ii&xmedbytbohoLetfarmigh which it pasaes. In 

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offie ra^pect there is a difference. The wire is the 
ttietal unalt^^ed, except in figure. In the animal 
process the nature of the substance is somewhat 
changed as well as the form; for, as it exists 
within the insect, it is a solft, clammy gum cir 
glue. The thread acqmres^ it is probable, ite 
firmness and tenacity from the action of the air 
npon its surface in the moment of exposure ; and 
a thread so fine is almost all surface. This pro- 
perty, however, of the paste is part o£ the con- 

The mechanism itself consists of the bags or 
reservoirs into which the glue is odlected, and 
of the external holes communicating with these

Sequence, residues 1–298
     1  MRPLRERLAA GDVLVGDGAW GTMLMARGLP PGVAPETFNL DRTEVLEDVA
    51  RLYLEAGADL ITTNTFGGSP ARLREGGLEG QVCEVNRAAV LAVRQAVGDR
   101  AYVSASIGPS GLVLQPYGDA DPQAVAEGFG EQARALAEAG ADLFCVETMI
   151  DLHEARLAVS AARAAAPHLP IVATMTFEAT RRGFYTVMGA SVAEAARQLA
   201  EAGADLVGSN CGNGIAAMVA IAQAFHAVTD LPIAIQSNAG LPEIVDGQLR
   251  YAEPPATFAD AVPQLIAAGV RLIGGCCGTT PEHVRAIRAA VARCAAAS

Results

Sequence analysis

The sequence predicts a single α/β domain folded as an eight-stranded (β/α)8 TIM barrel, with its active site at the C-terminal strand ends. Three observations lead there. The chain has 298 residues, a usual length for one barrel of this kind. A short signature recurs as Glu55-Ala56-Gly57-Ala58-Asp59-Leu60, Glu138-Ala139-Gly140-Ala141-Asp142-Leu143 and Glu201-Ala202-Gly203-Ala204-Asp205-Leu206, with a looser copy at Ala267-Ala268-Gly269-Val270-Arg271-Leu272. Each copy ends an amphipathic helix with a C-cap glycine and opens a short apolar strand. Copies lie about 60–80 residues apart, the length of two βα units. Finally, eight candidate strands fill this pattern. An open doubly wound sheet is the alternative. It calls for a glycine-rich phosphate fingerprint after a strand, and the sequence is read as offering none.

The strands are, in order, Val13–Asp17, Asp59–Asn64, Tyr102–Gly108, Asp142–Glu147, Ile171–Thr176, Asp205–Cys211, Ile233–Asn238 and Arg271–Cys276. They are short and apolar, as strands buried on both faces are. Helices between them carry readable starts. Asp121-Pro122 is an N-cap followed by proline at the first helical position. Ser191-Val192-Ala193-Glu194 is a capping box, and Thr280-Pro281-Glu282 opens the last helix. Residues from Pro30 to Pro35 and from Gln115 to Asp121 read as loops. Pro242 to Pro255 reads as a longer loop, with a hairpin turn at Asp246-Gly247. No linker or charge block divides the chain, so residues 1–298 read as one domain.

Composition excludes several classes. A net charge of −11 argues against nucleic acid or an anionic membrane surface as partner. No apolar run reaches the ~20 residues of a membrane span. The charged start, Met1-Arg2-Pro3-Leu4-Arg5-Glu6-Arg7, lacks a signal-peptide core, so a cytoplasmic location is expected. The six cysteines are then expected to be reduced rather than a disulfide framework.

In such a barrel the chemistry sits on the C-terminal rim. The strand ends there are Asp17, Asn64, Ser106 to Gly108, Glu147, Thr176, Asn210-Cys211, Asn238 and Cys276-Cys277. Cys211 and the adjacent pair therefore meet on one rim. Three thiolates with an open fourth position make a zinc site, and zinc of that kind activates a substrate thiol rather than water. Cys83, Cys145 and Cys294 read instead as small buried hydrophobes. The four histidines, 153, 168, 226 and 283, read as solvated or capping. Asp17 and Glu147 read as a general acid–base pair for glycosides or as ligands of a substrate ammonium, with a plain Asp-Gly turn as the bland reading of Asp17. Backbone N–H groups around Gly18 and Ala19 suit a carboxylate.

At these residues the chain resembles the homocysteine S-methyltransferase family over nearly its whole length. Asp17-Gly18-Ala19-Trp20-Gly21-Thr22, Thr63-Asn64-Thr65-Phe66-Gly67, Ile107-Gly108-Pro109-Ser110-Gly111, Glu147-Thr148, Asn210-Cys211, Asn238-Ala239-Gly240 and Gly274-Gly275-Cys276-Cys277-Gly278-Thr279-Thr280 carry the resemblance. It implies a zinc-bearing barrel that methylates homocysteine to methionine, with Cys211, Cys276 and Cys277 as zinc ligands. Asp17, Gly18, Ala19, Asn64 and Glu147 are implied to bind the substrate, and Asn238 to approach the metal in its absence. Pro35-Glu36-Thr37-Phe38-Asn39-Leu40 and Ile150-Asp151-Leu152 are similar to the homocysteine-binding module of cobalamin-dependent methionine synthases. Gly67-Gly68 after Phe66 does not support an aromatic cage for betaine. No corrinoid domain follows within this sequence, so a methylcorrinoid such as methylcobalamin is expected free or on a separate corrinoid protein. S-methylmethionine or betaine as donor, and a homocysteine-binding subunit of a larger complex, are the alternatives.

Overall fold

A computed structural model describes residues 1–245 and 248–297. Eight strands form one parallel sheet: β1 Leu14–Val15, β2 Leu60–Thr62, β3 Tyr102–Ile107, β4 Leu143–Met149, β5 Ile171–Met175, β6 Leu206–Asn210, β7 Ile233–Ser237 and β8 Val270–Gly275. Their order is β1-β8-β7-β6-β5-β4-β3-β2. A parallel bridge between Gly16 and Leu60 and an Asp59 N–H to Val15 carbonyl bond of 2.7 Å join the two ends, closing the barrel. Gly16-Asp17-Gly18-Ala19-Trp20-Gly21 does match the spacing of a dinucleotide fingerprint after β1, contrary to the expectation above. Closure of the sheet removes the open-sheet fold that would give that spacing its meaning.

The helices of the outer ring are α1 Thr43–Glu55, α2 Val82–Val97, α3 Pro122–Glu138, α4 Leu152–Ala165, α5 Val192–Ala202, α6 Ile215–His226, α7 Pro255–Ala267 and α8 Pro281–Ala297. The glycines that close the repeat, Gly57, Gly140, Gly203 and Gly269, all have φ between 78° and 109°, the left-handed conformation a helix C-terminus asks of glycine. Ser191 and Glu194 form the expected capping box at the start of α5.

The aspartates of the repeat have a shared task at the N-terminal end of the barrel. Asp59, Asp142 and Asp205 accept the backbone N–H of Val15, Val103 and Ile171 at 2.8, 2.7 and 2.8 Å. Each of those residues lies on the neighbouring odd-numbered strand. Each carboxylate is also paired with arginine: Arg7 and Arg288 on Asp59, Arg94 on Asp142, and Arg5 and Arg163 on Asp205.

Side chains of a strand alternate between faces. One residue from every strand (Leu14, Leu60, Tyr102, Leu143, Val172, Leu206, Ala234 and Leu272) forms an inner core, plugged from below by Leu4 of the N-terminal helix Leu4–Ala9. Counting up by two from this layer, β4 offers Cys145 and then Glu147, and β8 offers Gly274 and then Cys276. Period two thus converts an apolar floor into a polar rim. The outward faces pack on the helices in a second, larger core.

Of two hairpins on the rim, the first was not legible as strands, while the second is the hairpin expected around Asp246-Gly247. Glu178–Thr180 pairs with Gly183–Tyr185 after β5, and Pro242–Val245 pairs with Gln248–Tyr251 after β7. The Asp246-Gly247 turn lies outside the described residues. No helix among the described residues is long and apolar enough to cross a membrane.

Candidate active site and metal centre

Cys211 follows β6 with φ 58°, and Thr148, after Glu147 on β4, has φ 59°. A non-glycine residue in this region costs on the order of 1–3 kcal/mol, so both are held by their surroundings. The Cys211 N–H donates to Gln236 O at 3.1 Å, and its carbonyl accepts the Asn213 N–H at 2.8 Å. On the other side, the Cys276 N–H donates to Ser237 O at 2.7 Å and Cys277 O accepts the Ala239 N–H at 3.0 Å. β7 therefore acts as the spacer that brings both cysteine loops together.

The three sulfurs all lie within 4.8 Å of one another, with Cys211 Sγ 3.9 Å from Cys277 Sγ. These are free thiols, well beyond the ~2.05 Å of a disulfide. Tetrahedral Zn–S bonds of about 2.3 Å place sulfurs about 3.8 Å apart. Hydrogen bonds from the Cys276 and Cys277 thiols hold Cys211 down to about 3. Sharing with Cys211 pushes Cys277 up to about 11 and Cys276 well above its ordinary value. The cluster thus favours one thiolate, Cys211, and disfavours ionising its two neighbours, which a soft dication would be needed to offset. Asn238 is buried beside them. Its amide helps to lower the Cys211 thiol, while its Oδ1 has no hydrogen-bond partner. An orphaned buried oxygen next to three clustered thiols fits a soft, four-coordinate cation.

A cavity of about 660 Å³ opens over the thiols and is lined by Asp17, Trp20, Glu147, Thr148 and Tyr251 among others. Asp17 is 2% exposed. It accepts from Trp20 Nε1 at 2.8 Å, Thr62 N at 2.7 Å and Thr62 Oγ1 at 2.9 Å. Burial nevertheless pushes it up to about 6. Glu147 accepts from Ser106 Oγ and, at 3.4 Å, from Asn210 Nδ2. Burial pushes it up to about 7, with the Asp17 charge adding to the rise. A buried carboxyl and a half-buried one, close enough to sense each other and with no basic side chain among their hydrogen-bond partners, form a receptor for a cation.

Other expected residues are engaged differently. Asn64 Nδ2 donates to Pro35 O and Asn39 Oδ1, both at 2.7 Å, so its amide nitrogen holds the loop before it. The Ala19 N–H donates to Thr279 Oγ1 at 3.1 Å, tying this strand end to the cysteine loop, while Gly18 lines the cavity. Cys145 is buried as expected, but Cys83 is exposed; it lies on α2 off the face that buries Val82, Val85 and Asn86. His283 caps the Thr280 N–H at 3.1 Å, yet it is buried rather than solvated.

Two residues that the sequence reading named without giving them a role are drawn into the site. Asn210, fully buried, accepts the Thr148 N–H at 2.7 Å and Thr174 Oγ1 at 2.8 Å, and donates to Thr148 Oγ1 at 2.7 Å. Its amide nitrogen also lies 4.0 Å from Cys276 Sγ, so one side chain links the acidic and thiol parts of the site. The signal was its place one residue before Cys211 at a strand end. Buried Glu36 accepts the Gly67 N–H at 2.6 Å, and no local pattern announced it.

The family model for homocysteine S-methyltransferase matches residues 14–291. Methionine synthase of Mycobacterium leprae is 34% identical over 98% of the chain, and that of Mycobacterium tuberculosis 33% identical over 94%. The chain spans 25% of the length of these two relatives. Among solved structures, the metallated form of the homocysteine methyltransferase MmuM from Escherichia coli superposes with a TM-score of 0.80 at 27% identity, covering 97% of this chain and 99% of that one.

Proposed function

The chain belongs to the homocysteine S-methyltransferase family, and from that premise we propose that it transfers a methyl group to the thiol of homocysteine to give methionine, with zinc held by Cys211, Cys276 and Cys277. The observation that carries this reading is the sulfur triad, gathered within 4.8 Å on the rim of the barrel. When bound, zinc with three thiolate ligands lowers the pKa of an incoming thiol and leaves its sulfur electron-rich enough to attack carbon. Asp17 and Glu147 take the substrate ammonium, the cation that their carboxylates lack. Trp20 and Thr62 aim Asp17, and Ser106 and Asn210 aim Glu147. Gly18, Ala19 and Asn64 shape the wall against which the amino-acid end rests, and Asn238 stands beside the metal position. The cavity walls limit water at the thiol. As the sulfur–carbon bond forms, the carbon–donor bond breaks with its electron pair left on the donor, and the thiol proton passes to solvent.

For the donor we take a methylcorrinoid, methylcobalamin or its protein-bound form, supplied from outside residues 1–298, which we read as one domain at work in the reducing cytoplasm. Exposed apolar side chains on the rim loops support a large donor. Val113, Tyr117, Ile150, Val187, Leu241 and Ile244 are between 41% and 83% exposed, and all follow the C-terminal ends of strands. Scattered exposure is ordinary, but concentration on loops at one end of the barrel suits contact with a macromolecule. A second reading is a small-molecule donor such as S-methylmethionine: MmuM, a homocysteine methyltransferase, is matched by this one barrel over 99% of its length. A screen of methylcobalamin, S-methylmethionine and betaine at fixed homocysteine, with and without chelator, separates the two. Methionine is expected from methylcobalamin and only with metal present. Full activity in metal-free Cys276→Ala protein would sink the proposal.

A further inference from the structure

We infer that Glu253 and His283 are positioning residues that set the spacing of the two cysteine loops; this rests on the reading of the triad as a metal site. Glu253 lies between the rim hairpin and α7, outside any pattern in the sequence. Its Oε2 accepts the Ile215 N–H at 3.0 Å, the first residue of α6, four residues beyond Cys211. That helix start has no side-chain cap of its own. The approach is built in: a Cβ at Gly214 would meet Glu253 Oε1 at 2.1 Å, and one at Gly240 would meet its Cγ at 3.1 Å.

bags ; and the action of the machine is seen in 
the fOTming of a thread, as wire is formed, by 
forcing the material already prepared through 
holes of proper dimensions. The secretion is an 
act too subtile for our dMJcemment, except as we 
perceive it by the produce. But one tiling mor 
sweru to another; the secretory gk,nds to the 
quality and consistence required in the secreted 
substance ; the bag to its rec^tion. The oiirtlets 
and orifices are constructed not merdy for reliet^ 
ing the reservoirs of their burden, but t&£ manu- 
facturing Hie contontiB into a form and textnte of 
great external nse, or ntther, indeed, of 6it«m Mh 
cemty, to tfae life md fioRtiNiM of the iiuteet 


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II. Bkes, under one character or other^ have 
furnished every naturalist with a set of observa- 
tions. I shall, in this place, confine myself to 
one; and that is the relation which, obtains be-